Richard Parks flies out of Antarctica as challenge ends

Richard Parks Richard Parks says he gave up because he could not ignore the 'alarm bell' of fatigue

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Former Wales rugby player-turned adventurer Richard Parks has been flown out of Antarctica after being forced to quit his latest challenge.

Parks was aiming to ski solo from the coastline of Antarctica to the Geographic South Pole, but says he ran out of time.

He said "horrific weather conditions" had "absolutely battered" him and "safety is non-negotiable".

His team said he had arrived in Chile and would be returning to the UK.

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My body is run down to a point where I have not been before”

End Quote Richard Parks Adventurer

A team tweet on Saturday said: "He arrived in Chile late last night & will be responding to msgs & will blog when he wakes. Thank you for your support. Team Parks."

Parks, a former Wales and Dragons forward, said he could have been successful had it not been for a string of bad luck, including lost luggage and severe conditions.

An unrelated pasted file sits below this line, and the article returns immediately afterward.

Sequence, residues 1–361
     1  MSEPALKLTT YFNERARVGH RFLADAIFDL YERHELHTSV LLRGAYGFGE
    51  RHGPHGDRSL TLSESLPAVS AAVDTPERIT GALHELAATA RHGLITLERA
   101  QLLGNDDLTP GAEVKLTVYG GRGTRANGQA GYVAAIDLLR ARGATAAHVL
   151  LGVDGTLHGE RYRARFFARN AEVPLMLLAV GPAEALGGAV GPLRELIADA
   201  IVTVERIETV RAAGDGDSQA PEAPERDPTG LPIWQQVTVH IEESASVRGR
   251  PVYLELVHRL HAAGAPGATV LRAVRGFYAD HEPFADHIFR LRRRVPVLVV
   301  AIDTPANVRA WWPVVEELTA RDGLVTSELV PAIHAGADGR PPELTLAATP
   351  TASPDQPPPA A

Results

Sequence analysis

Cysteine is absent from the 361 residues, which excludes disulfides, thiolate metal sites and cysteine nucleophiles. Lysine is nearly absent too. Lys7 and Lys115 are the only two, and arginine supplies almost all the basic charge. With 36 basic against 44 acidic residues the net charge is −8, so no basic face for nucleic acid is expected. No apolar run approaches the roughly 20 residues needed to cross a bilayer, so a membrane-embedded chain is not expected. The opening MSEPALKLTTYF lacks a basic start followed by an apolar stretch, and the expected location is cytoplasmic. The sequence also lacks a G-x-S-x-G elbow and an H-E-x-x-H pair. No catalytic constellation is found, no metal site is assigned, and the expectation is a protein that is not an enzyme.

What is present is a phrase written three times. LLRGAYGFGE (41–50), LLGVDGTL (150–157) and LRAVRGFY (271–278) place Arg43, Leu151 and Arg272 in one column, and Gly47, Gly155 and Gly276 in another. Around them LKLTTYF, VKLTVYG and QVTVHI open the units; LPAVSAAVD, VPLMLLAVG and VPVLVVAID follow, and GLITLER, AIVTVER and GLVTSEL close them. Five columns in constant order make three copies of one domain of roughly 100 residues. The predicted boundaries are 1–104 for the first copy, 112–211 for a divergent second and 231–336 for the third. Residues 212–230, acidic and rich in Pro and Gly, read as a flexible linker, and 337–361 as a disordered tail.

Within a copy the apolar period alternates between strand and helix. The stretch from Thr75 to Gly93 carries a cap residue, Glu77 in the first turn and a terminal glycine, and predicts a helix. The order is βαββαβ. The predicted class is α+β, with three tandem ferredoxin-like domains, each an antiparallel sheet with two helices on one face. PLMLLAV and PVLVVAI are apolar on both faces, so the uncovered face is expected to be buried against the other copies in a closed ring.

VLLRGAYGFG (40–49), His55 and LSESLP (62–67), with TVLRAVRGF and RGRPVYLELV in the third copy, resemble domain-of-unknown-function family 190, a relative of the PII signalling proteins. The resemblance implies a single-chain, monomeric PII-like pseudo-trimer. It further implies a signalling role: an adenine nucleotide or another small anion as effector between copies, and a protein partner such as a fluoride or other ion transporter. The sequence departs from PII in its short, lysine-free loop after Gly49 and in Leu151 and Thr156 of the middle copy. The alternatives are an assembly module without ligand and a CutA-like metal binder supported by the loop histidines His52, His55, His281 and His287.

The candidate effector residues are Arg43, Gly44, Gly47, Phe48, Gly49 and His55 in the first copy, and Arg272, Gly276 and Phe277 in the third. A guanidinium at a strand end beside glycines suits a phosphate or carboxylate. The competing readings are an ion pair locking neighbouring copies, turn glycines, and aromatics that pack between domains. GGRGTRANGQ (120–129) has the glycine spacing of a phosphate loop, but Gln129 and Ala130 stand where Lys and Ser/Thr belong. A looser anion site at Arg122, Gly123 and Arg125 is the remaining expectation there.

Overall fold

He wrote: "I could have been having a beer celebrating possibly the 2nd fastest solo coast to pole expedition of all time and a new British record".

He abandoned the 745 mile (1,199 km) trip about 605 miles (973 km) in.

He wrote in his blog how he had been pushing hard to make up lost time: "I was working so hard and I took my facemask off to get more breath in as it clogged up and I have cold damage to my nose now.

"In an environment as unforgiving is this, in my opinion, safety is non-negotiable."

'The right decision'

He added: "I have been starving myself close to 40 days now, that is the nature of it as you can't consume more calories than you burn, it's the fine line you run but I am skin and bones over here.

"I am the weakest and lightest I have ever been. The last week has really battered me basically."

Describing his condition, he said: "My mouth is full of ulcers... my body is run down to a point where I have not been before".

He said his "first cold injury as result of mental and physical fatigue is an alarm bell that I am not going to ignore.

"I physically and safely cannot cover 200km in three days. I simply have run out of time."

While "gutted", he was "at peace because I know I have done everything I can in my control and it is the right decision".

In 2011, Parks achieved his world-record-breaking dream to reach seven summits and three poles in seven months in the 737 Challenge, aiming to raise £1m for Marie Curie Cancer.

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